Cohen says State's woes are at his feet

By Brad Locke/NEMS Daily Journal

STARKVILLE – Growing up in Tuscaloosa, Ala., John Cohen would watch with rapt attention a television show featuring a man by the name of Paul “Bear” Bryant.
One thing the famous Alabama football coach said stuck in Cohen’s mind: “If we lose, it’s my fault.” Cohen, now in his second season as Mississippi State’s baseball coach, has adopted that philosophy and won’t dare shift blame off his shoulders, even if it’s justifiable.
After his Bulldogs were swept at home by Arkansas last weekend, Cohen had strong words concerning the current state of the program.
“I’m embarrassed. Not by our players, I’m embarrassed by where our program is right now,” he said. “There are others who should be embarrassed as well. I’m not going to list them.”
It would be easy to read into that statement that Cohen was pointing a finger at the previous regime, which was led by the legendary Ron Polk, who coached Cohen at MSU more than 20 years ago.
After all, the talent cupboard was not well-stocked when Cohen arrived. In Polk’s final season, State finished 23-32 and 9-20 in SEC play. A year after reaching the College World Series, MSU didn’t even make the SEC Tournament.
In Cohen’s first season, State went 25-29 (9-20), the first time since 1974-75 that it had suffered back-to-back sub-.500 campaigns.
“You don’t get to 23-32 overnight, and you don’t get out of it overnight, and everybody knows that,” Cohen said on Wednesday. “If you look at the history of the league over the last 25 years, that doesn’t happen very often. … There are a lot of things that have to happen for you to get to that number.”
MSU is 17-16 overall, 3-9 in SEC play heading into this weekend’s home series versus Tennessee (17-17, 3-9).
In clarifying his comments from Sunday, Cohen emphasized that he was in no way blaming the current struggles on Polk or that coaching staff, even though some fans have criticized Polk’s recruiting efforts in his latter years.
He said that Polk was not among those who “should be embarrassed.”
“I assume full responsibility for the program,” Cohen said. “What I meant by saying that is everybody who’s a part of it. I would like to think anybody that steps on the field, when you lose by the amount of runs that we’ve lost by, should be embarrassed.”
One thing Cohen doesn’t suffer is excuses. But he can’t deny the effect injuries have had on the Bulldogs this season.
Weekend starter Nick Routt is out with an arm injury, and three key position players, including outfielder Brent Brownlee, are out for the season.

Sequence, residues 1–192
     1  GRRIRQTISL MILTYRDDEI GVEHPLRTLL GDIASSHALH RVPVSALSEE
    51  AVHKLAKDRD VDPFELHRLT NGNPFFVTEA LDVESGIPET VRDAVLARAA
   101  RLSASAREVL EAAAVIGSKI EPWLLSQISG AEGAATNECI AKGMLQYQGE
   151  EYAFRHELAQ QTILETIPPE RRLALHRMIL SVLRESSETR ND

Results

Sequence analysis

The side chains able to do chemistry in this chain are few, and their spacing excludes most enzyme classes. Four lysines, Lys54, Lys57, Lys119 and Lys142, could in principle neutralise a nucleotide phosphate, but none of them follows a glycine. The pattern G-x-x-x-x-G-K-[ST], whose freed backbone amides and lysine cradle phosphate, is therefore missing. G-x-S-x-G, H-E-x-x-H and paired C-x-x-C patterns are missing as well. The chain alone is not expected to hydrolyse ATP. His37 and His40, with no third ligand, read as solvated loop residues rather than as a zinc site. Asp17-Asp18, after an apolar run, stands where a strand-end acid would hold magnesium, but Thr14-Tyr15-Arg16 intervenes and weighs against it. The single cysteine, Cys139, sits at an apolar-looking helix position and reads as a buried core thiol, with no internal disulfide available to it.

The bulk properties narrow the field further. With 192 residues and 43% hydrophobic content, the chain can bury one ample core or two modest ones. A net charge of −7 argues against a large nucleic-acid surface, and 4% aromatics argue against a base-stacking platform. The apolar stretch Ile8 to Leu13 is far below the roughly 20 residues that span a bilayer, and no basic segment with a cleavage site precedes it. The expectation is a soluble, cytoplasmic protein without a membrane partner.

Polk is more than happy to make the excuse for Cohen.
“Now with the new NCAA rule on scholarship roster sizes, you have 27 guys on scholarship, you lose three or four good players, it makes it a little tough to go through the SEC,” Polk said.
An opinionated man
While Cohen won’t make excuses, he will never hold back on an opinion, and he’ll give it anywhere, any time.
During a loss to Auburn last season, Cohen was ejected and listened to the rest of the game on the radio. Afterwards, he said, “It’s a good thing we have the best radio guy in the country (Jim Ellis), because at the very least you get to listen to something of quality associated with Mississippi State baseball on the radio. Because there’s nothing of quality happening on the field there for a while.”
He’s also bemoaned the lack of talent on the pitching staff he inherited, an issue he addressed by bringing in a boatload of arms in the 2010 recruiting class, which was ranked eighth in the country by Baseball America.
Simply put, Cohen’s not big on coach-speak. He doesn’t skirt problem areas, instead choosing to let people know exactly how he feels about something and why.
“I’m not the president of the United States, but I’ve heard many presidents say that, that you have ceased to live a meaningful life if you don’t have regret,” Cohen said. “Of course I have regret. When you have to make as many decisions as lots of people do, anybody who’s in a management-type position is going to have regret.”
For whatever negative comments Cohen might make, he does not lose sight of the positives and a hope for a brighter future. When asked about a particular player’s struggles, as long as the effort and work ethic is there, that’s what Cohen will focus on.
That balance of praise and critical analysis, along with his sharp offensive mind and top-notch coaching staff, should aid Cohen in a rebuilding effort that he hopes will start paying dividends by next season.
Following Sunday’s game, veteran Arkansas coach Dave Van Horn said of MSU, “They’re going to get their wins. Like I told the team, I’m glad we got in here and got some W’s and we get out of here before they get it going.”
Polk believes Cohen will get it going soon. The old coach stops by the baseball offices every Monday to check his mail, often stepping into Cohen’s quarters for a chat.
“I think coach, more than anybody else, knows exactly where we are,” said Cohen. “I think he has a good handle on what we’re trying to do, the kids we’re trying to recruit, what we’re trying to do with the kids that are in our program right now.”
Contact Brad Locke at 678-1571 or brad.locke@djournal.com.

Pitching matchups:
– Tonight: Tennessee LHP Bryan Morgado (2-4, 5.07) vs. Mississippi State RHP Caleb Reed (0-3, 4.79)
– Saturday: Tennessee RHP Stephen McCray (4-3, 1.99) vs. Mississippi State RHP Chris Stratton (3-3, 3.43)
– Sunday: Tennessee LHP Steven Gruver (1-2, 5.51) vs. Mississippi State TBA